Since January 2005, small mammal surveys have been underway in collaboration with local and international partners in several areas of the PFZ. Acacia compartments, secondary forests and the less disturbed forests of two conservation areas (Bukit Sarang and Binyo-Penyilam Conservation Areas), conservation corridor (Bukit Mina Conservation Corridor) have been surveyed, along with forest remnants in planted Acacia blocks. However, only a relatively small area of the PFZ has actually been covered so far. Undoubtedly, many more interesting small mammal species are likely to be encountered.

The latest species observed was ranee mouse, Haeromys margarettae in Binyo-Penyilam Conservation Area (BPCA), found in a very unique habitat, mixed peat swamp and kerangas forest. Other interesting species of rodents discovered in PFZ areas are the three-striped ground squirrel, Lariscus insignis, horse-tailed squirrel, Sundasciurus hippurus, grey tree rat, Lenothrix canus and the thick-spined porcupine, Thecurus crassispinis.

A full understanding of small mammal distribution and ecology is still a long journey for us, both in natural forest as well as in the many man-made habitat mosaics which we are creating as Sarawak develops. Fortunately, it seems that a regenerating plantation forest can play an important role to provide a suitable habitat for some of the more adaptable species of small mammals. Even so, we must ensure the right policy, planning and management decisions are made for the long-term survival of these wonderful creatures.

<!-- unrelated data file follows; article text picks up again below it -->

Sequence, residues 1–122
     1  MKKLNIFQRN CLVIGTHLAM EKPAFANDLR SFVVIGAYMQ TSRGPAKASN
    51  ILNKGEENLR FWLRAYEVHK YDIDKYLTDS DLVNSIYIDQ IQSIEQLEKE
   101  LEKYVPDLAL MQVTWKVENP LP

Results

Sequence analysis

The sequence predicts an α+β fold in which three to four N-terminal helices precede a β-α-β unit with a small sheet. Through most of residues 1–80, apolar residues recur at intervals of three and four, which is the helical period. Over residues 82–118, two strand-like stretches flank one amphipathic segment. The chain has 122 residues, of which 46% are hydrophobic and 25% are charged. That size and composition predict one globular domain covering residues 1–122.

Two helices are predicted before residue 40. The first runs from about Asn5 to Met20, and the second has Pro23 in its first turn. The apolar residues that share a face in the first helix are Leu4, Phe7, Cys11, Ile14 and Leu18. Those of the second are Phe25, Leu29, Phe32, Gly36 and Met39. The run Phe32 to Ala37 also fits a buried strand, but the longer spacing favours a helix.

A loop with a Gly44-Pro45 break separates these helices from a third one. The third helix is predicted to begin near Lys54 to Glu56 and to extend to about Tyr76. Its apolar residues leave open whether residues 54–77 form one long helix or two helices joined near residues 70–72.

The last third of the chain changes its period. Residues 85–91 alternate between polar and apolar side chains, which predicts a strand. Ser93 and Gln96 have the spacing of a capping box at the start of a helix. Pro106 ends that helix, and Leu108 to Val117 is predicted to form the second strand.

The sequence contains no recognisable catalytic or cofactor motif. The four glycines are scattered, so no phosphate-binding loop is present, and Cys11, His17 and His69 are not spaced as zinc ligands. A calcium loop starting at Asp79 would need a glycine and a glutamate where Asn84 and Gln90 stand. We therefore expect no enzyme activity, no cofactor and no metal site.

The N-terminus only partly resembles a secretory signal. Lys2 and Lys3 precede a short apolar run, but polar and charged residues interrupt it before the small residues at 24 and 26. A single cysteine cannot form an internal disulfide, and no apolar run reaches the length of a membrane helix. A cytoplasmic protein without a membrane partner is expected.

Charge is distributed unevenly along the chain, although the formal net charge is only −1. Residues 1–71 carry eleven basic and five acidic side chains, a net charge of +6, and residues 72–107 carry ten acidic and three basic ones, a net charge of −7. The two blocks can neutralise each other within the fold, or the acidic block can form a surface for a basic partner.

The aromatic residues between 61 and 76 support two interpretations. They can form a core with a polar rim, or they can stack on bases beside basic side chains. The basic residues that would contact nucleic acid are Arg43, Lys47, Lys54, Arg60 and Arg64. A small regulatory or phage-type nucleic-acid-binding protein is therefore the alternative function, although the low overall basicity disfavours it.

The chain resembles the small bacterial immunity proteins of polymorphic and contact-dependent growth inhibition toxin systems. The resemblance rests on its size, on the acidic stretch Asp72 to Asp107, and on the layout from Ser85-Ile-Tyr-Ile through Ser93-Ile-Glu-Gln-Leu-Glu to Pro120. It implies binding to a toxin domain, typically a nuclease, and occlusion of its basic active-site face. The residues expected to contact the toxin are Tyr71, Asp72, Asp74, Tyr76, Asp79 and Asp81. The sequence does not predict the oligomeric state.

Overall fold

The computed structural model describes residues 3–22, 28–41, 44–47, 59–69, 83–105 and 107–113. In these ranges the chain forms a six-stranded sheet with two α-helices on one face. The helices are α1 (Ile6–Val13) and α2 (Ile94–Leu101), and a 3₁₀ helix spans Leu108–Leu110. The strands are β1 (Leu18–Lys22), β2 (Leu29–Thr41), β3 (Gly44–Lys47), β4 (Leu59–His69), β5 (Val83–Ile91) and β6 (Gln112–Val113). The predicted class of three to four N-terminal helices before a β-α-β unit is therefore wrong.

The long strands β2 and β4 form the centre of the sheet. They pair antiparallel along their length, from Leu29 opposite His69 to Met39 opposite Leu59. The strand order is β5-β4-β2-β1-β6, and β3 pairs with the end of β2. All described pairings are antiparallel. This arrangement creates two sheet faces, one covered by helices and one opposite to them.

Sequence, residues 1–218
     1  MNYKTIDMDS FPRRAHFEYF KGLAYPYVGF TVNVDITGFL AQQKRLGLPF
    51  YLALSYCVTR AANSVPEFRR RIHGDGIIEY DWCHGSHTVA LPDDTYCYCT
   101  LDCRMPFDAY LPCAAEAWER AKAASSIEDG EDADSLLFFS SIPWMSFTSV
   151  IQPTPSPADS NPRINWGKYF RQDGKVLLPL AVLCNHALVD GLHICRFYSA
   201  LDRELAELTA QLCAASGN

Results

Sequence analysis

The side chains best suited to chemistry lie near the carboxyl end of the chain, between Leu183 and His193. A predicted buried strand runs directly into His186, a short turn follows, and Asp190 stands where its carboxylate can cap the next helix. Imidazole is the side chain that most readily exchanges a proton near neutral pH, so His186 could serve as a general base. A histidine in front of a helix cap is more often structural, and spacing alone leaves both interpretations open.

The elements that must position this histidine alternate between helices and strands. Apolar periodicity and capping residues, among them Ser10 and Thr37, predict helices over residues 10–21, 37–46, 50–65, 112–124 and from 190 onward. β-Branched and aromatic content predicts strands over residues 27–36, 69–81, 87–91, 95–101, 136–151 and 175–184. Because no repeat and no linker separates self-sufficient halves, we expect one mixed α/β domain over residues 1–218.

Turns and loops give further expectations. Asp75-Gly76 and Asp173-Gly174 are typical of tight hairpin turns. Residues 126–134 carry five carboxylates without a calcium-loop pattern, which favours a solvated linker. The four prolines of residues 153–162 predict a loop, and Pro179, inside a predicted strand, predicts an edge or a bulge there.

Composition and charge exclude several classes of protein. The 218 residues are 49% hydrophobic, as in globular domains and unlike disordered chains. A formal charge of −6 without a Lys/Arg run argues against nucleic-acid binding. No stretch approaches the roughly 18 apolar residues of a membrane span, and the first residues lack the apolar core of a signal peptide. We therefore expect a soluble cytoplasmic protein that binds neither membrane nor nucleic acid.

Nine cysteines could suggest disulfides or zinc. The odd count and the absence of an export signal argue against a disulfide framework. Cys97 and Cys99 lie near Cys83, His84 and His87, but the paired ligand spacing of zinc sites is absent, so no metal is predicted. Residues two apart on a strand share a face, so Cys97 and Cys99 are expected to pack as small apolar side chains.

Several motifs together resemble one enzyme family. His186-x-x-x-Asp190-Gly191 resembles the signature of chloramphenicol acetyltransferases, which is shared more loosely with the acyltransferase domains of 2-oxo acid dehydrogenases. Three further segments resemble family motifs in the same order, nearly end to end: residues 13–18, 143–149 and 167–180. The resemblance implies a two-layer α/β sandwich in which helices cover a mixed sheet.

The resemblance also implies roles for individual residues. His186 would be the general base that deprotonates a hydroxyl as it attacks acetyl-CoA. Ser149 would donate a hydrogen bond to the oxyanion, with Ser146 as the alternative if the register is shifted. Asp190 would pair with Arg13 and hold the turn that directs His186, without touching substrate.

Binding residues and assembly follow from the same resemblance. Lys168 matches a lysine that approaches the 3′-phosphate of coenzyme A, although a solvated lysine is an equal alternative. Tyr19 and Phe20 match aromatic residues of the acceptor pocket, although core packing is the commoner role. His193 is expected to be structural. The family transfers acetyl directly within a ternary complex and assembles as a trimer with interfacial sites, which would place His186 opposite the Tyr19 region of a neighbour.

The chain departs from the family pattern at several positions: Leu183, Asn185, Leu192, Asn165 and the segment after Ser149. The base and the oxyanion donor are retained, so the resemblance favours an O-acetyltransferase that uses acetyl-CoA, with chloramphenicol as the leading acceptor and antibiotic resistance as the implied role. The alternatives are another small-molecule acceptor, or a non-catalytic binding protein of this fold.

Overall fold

I would like to thank the Conservation Department of Grand Perfect Sdn Bhd for their support and assistance in making the field work possible in PFZ. Special thanks to Mr. Rob Stuebing, Belden Giman, Nyegang Megom, Dr. Han Kwai Hin, Ch’ien C. Lee and for those who involved in this project.


Giman, B., Stuebing, R., Megum, N., Mcshea, W. J. and Steward, C. M. 2005. A camera trapping survey for mammals in a mixed use planted forest in Sarawak. Raffles Bulletin of Zoology.

Han, K. H. 2005. Field report on inventory study of small mammals and plants in Samarakan Nursery, Bintulu Planted Forest Area, Ulu Tatau from May 10 through 20, 2005. Grand Perfect Sdn. Bhd., unpublished report.

Wilson, D. E. and Helgen, K. M. 2005. Small mammal survey of Bukit Sarang and Samarakan. Grand Perfect Sdn. Bhd., unpublished report.